Does atmospheric CO2 seasonality play an important role in governing the air-sea flux of CO2?
- Met Office Hadley Centre, FitzRoy Road, Exeter, Devon, EX1 3PB, UK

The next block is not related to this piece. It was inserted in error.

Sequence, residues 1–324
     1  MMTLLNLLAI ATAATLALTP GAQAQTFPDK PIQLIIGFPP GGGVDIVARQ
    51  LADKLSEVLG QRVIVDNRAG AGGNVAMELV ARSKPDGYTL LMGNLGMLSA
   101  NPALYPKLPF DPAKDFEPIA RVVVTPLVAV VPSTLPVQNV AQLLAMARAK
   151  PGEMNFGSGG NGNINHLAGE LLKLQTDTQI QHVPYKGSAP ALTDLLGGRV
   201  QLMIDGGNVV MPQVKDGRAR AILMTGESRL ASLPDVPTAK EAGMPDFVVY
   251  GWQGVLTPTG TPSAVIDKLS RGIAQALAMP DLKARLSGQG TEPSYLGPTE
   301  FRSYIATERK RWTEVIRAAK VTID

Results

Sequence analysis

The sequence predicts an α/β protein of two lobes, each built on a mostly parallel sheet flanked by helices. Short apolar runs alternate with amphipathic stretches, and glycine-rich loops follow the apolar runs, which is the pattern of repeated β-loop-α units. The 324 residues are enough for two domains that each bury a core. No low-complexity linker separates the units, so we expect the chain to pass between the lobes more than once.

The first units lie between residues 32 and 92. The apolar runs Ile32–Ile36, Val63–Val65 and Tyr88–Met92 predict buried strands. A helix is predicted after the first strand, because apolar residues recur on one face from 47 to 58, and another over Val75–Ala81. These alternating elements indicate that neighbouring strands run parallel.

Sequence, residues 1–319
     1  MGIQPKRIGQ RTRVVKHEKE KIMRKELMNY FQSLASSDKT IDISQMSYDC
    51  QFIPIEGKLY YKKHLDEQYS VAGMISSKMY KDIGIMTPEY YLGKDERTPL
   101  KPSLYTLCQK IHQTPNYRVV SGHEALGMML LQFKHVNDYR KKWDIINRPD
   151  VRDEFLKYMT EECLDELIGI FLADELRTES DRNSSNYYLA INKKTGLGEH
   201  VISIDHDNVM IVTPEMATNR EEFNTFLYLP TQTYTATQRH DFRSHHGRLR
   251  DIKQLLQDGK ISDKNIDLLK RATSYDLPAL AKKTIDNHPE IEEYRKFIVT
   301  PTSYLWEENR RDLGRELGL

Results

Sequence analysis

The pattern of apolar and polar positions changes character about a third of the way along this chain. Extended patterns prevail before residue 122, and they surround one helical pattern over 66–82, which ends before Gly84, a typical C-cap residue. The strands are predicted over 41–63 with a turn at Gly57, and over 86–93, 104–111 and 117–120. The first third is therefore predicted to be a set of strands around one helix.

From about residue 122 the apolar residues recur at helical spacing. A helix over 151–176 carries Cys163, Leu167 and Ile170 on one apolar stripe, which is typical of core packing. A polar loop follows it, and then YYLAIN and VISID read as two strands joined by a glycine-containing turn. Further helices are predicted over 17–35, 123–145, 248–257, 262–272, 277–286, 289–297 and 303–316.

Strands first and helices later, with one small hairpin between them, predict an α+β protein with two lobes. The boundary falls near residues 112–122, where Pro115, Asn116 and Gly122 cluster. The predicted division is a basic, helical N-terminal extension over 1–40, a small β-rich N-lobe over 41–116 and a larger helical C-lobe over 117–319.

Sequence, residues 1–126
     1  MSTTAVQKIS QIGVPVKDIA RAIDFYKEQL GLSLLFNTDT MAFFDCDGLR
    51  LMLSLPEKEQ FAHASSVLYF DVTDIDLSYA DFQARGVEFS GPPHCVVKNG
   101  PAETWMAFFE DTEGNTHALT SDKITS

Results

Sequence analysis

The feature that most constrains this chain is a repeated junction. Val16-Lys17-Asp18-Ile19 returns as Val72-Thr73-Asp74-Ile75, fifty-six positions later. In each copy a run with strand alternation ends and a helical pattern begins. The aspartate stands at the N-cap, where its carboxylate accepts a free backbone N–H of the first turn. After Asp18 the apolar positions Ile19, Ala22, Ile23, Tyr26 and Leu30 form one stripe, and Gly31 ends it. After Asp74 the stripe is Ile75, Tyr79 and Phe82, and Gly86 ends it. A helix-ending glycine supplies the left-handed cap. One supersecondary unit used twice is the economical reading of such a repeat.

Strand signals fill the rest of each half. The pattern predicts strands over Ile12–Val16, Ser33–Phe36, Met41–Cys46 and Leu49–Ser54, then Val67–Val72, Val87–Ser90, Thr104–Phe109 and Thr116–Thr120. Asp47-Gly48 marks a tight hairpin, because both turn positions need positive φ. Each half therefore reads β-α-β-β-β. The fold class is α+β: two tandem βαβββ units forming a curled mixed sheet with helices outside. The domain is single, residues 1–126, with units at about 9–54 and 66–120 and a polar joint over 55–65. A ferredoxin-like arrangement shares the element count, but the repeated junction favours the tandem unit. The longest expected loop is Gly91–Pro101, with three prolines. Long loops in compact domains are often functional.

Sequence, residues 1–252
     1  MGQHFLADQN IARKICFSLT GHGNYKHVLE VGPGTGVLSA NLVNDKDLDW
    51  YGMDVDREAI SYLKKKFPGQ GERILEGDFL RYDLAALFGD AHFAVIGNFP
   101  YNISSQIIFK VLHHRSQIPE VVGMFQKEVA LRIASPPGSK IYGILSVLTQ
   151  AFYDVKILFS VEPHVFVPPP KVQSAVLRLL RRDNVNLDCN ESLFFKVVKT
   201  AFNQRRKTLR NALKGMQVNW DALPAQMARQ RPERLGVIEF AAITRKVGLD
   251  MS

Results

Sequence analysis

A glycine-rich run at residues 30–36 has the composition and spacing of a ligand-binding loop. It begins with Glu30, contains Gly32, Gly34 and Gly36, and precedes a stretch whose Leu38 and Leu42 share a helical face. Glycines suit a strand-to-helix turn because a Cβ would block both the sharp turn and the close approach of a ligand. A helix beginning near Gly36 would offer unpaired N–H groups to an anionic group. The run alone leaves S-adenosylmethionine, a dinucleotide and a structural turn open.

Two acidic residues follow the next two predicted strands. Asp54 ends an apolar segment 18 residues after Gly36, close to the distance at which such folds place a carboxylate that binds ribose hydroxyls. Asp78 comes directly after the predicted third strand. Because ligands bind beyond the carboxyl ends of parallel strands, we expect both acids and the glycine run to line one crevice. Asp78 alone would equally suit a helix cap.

Abstract. The amplitude, phase, and form of the seasonal cycle of atmospheric CO2 concentrations varies on many time and space scales (Peters et al., 2007). Intra-annual CO2 variation is primarily driven by seasonal uptake and release of CO2 by the terrestrial biosphere (Machta et al., 1977; Buchwitz et al., 2007), with a small (Cadule et al., 2010; Heimann et al., 1998), but potentially changing (Gorgues et al., 2010) contribution from the ocean. Variability in the magnitude, spatial distribution, and seasonal drivers of terrestrial net primary productivity (NPP) will be induced by, amongst other factors, anthropogenic CO2 release (Keeling et al., 1996), land-use change (Zimov et al., 1999) and planetary orbital variability, and will lead to changes in CO2atm seasonality. Despite CO2atm seasonality being a dynamic and prominent feature of the Earth System, its potential to drive changes in the air-sea flux of CO2 has not previously (to the best of my knowledge) been explored. It is important that we investigate the impact of CO2atm seasonality change, and the potential for carbon-cycle feedbacks to operate through the modification of the CO2atm seasonal cycle, because the decision had been made to prescribe CO2atm concentrations (rather than emissions) within model simulations for the fifth IPCC climate assessment (Taylor et al., 2009). In this study I undertake ocean-model simulations within which different magnitude CO2atm seasonal cycles are prescribed. These simulations allow me to examine the effect of a change in CO2atm seasonal cycle magnitude on the air-sea CO2 flux. I then use an off-line model to isolate the drivers of the identified air-sea CO2 flux change, and propose mechanisms by which this change may come about. Three mechanisms are identified by which co-variability of the seasonal cycles in atmospheric CO2 concentration, and seasonality in sea-ice extent, wind-speed and ocean temperature, could potentially lead to changes in the air-sea flux of CO2 at mid-to-high latitudes. The sea-ice driven mechanism responds to an increase in CO2atm seasonality by pumping CO2 into the ocean, the wind-speed and solubility-driven mechanisms, by releasing CO2 from the ocean (in a relative sense). The relative importance of the mechanisms will be determined by, amongst other variables, the seasonal extent of sea-ice. To capture the described feedbacks within earth system models, CO2atm concentrations must be allowed to evolve freely, forced only by anthropogenic emissions rather than prescribed CO2atm concentrations; however, time-integrated ocean simulations imply that the cumulative net air-sea flux could be at most equivalent to a few ppm CO2atm. The findings presented here suggest that, at least under pre-industrial conditions, the prescription of CO2atm concentrations rather than emissions within simulations will have little impact on the marine anthropogenic CO2 sink.